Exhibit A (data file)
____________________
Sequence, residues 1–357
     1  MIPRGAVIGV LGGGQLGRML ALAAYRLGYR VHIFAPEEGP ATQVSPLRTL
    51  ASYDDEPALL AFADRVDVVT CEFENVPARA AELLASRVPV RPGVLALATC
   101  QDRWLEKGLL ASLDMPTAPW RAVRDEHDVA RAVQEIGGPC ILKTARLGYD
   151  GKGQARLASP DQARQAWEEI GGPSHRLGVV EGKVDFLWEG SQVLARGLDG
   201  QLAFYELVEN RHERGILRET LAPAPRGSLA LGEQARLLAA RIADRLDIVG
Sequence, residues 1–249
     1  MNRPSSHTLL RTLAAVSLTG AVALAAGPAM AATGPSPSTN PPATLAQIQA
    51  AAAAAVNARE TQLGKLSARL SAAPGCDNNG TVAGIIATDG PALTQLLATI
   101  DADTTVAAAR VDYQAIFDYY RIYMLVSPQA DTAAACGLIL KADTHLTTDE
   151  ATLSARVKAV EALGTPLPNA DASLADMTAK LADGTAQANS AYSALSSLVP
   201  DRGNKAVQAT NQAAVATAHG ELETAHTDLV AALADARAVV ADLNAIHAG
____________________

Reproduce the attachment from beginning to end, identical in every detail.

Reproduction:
Sequence, residues 1–357
     1  MIPRGAVIGV LGGGQLGRML ALAAYRLGYR VHIFAPEEGP ATQVSPLRTL
    51  ASYDDEPALL AFADRVDVVT CEFENVPARA AELLASRVPV RPGVLALATC
   101  QDRWLEKGLL ASLDMPTAPW RAVRDEHDVA RAVQEIGGPC ILKTARLGYD
   151  GKGQARLASP DQARQAWEEI GGPSHRLGVV EGKVDFLWEG SQVLARGLDG
   201  QLAFYELVEN RHERGILRET LAPAPRGSLA LGEQARLLAA RIADRLDIVG
Sequence, residues 1–249
     1  MNRPSSHTLL RTLAAVSLTG AVALAAGPAM AATGPSPSTN PPATLAQIQA
    51  AAAAAVNARE TQLGKLSARL SAAPGCDNNG TVAGIIATDG PALTQLLATI
   101  DADTTVAAAR VDYQAIFDYY RIYMLVSPQA DTAAACGLIL KADTHLTTDE
   151  ATLSARVKAV EALGTPLPNA DASLADMTAK LADGTAQANS AYSALSSLVP
   201  DRGNKAVQAT NQAAVATAHG ELETAHTDLV AALADARAVV ADLNAIHAG